The highest-ranking Iraqi leader of al-Qaida in Iraq has been arrested and told interrogators that Osama bin Laden's inner circle wields considerable influence over the Iraqi group, the U.S. command said Wednesday.
Khaled Abdul-Fattah Dawoud Mahmoud al-Mashhadani, who was captured in Mosul on July 4, carried messages from bin Laden, and his deputy Ayman al-Zawahri, to the Egyptian-born head of al-Qaida in Iraq, Abu Ayub al-Masri, said Brig. Gen. Kevin Bergner, a military spokesman.
"Communication between the senior al-Qaida leadership and al-Masri frequently went through al-Mashhadani," Bergner said. "There is a clear connection between al-Qaida in Iraq and al-Qaida senior leadership outside Iraq."
Ok, so it appears that this guy is the ranking member of bin Laden's al Qaeda (al Qaeda is the accepted spelling ... not al Qaida) inside Iraq. He's not the leader of al Qaeda in Iraq (the land of two rivers).
They are, in fact, two separate organizations. They have maintained a somewhat strenuous relationship over the years, but it appears that they are much more friendly since Masri took over after Zarqawi was killed.
Bergner said al-Mashhadani had told interrogators that al-Qaida leaders outside the country "continue to provide directions, they continue to provide a focus for operations, they continue to flow foreign fighters into Iraq."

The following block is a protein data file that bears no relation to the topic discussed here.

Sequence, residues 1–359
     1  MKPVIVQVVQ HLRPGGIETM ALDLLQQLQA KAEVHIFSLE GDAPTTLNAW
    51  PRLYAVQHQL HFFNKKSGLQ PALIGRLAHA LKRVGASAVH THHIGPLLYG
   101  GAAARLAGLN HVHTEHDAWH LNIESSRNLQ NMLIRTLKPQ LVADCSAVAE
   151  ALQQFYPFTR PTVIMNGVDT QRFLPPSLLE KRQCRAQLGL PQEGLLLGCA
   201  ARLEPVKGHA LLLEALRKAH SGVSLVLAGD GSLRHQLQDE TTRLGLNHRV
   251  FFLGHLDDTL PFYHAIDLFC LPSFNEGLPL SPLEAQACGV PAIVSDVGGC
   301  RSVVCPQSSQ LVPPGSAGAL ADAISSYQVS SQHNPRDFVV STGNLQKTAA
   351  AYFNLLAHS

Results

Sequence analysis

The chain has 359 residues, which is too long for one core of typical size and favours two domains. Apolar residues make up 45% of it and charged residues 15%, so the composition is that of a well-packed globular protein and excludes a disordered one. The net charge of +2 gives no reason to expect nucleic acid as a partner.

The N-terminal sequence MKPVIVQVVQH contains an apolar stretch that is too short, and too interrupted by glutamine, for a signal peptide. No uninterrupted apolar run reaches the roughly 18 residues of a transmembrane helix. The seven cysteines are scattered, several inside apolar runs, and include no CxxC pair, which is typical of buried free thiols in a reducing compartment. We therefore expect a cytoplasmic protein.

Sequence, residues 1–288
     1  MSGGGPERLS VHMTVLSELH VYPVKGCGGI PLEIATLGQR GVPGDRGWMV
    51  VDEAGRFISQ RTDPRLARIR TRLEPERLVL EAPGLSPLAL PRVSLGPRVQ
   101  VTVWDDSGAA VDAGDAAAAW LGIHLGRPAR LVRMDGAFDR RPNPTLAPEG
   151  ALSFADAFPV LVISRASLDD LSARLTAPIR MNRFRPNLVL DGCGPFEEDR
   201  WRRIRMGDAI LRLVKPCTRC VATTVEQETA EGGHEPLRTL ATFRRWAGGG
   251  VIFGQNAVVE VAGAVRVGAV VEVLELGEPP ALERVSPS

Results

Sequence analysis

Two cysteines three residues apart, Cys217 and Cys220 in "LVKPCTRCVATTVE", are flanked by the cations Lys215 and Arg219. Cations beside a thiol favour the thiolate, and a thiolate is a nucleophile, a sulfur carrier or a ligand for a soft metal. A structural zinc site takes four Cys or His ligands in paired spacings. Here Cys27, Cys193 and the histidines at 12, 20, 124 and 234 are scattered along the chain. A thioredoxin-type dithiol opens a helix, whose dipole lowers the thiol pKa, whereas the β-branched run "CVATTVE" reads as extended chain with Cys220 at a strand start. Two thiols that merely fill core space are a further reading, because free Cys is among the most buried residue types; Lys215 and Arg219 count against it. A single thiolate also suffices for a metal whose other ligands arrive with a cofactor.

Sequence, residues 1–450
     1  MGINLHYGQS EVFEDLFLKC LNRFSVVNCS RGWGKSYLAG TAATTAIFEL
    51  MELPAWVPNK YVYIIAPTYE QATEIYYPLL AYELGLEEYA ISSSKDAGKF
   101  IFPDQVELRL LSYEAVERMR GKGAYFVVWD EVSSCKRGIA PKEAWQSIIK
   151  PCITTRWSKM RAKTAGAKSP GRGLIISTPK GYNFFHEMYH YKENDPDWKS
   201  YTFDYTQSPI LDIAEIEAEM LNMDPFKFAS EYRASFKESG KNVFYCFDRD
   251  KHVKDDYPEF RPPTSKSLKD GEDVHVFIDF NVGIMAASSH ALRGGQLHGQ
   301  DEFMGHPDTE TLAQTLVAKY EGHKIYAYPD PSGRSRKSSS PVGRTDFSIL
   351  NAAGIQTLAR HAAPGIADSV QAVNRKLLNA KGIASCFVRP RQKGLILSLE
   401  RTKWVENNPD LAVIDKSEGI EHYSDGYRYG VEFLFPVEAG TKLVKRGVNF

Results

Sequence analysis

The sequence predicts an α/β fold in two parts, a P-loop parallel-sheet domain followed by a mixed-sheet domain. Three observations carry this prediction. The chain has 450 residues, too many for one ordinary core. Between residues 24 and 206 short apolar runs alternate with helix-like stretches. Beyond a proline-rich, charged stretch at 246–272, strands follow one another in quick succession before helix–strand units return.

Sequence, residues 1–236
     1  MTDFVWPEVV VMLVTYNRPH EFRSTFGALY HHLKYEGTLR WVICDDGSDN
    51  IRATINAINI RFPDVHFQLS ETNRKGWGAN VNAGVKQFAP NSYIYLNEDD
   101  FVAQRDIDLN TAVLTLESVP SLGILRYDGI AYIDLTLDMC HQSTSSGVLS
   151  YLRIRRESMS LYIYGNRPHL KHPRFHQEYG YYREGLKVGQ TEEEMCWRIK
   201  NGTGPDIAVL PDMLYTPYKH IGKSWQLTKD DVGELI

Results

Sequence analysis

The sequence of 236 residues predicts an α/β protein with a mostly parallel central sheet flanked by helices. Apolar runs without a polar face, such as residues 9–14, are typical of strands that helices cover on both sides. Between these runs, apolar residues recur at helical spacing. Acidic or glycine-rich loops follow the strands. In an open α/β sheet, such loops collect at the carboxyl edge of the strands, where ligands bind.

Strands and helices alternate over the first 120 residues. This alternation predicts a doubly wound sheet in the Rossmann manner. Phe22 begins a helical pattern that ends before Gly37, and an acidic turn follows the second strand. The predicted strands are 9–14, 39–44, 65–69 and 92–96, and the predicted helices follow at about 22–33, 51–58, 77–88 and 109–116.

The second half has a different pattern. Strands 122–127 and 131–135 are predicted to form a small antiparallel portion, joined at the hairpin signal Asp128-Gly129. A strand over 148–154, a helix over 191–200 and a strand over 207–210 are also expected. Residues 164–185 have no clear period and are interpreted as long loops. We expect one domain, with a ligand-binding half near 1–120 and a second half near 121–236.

Pointing to the foreign influence in al-Qaida undermines support for the organization among nationalistically minded Iraqis, including some in insurgent groups that have broken with al-Qaida.
This is very significant in determining the strength of al Qaeda. A recent military intelligence report stated that al Qaeda was at pre-9/11 strength. A claim that is impossible to believe given that we haven't heard from bin Laden's al Qaeda in years as far as attacks go. Myself, and others, have wondered if they were combining the strength of the two separate groups. It appears that they have.
"In his words, the Islamic State of Iraq is a front organization that masks the foreign influence and leadership within al-Qaida in Iraq in an attempt to put an Iraqi face on the leadership of al-Qaida in Iraq," Bergner said.
That is also a very interesting statement given that the Islamic State of Iraq, and al Qaeda in Iraq have recently been having some fallouts with each other.